Day Three – Spiritual Parents
In addition to physical parents the Bible teaches that we also have spiritual parents. This explains why we ought “not rebuke an older man but encourage him as you would a father” and to treat “older women as mothers.”
Paul was a spiritual father himself. He refers to Timothy, Titus, and Onesimus as “sons” and calls the Christians in Galatia “my little children.”
When the Bible talks about older leaders laying on hands to anoint and appoint younger leaders, that means ministry transfers relationally. You cannot lay hands on anyone through the internet—you have to do life with them. Laying your hands on yet another book is not the same as someone laying their hands on you. One godly and wise real-life mentor is worth more than a thousand books and downloaded sermons because he or she knows you personally.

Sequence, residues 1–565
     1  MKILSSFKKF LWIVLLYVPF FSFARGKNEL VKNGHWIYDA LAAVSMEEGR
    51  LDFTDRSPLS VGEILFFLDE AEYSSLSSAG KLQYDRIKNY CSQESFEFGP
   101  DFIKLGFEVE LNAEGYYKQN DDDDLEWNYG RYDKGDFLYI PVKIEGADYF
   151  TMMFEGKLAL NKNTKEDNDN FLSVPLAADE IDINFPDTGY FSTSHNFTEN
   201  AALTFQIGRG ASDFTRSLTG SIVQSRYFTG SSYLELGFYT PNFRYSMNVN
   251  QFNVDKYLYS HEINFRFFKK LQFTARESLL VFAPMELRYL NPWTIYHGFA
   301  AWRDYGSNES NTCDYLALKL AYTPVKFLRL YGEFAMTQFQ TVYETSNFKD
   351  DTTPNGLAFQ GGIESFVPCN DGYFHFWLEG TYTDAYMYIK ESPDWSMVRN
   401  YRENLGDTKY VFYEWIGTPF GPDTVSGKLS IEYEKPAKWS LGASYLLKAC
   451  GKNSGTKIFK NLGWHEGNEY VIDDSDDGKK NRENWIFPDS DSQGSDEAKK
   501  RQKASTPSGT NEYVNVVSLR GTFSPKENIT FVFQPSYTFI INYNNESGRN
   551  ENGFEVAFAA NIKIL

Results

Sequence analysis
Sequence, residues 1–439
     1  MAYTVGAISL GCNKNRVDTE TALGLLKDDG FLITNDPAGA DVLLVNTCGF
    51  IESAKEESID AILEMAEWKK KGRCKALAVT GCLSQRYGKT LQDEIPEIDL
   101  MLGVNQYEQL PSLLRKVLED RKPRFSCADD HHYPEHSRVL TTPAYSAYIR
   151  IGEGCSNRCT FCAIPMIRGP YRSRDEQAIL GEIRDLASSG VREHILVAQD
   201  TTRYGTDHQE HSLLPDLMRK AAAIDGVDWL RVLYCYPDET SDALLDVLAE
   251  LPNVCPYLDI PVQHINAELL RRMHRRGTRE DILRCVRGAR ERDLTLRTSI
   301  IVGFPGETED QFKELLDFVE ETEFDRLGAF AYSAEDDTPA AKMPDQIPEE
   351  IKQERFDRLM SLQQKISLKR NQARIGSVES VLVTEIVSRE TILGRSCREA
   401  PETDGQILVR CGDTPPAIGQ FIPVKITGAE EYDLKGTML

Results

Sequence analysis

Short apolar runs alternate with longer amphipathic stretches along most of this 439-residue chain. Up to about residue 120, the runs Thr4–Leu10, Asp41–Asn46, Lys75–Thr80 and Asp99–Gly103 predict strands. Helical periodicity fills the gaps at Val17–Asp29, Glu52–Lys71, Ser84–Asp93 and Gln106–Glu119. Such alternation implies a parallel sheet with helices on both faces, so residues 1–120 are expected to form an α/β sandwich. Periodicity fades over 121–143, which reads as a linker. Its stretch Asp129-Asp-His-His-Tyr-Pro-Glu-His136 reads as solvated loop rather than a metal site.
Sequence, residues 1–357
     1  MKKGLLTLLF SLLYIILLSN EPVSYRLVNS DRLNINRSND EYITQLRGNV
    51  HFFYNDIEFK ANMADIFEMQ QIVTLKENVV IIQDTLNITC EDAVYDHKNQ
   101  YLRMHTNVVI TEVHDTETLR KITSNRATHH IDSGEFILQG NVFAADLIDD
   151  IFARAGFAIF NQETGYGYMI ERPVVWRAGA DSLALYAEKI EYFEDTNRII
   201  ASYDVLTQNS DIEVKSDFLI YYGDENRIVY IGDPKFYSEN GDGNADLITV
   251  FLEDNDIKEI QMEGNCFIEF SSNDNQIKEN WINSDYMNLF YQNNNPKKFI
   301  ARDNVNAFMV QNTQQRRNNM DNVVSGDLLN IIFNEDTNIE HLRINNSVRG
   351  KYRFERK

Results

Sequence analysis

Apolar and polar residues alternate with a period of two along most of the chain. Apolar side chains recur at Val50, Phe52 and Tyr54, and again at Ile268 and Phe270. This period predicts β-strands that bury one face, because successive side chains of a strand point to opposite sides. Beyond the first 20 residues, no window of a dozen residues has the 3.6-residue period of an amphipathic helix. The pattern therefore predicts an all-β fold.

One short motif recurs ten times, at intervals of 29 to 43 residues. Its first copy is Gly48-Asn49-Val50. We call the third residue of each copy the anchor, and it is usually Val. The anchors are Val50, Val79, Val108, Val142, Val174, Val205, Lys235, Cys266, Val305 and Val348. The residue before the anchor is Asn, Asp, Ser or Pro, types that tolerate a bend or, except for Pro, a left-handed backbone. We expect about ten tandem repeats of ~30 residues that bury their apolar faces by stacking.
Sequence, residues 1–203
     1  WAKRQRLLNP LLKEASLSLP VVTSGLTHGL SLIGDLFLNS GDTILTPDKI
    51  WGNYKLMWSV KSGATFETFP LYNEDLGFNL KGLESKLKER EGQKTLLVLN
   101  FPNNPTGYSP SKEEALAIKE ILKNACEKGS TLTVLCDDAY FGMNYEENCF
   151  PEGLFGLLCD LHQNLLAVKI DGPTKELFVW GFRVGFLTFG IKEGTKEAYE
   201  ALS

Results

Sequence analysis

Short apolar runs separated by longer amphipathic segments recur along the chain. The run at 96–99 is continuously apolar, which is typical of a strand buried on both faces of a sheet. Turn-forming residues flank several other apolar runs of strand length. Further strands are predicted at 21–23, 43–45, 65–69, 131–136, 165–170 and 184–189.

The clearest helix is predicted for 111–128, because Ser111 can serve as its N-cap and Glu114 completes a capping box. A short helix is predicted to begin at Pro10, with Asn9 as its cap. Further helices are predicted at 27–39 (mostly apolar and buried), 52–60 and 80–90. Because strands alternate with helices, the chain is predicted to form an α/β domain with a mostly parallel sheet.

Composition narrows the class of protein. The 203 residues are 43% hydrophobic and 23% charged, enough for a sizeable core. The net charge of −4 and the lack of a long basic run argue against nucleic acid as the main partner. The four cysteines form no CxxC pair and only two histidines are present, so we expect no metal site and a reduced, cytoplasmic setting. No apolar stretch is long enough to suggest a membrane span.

We can receive wounds from our spiritual fathers. Sometimes this pain cuts doubly deep. If someone has a failed father and then comes into the church family only to have a failed spiritual father, they have the painful double portion of a father wound.
But if you don’t let godly leaders into the down and dirty of your day to day, that’s a problem. The result is knowledge, which puffs up, and not love, which builds up. You can become an emotionally unhealthy person who thinks God provided Bible verses to beat people up rather than build people up.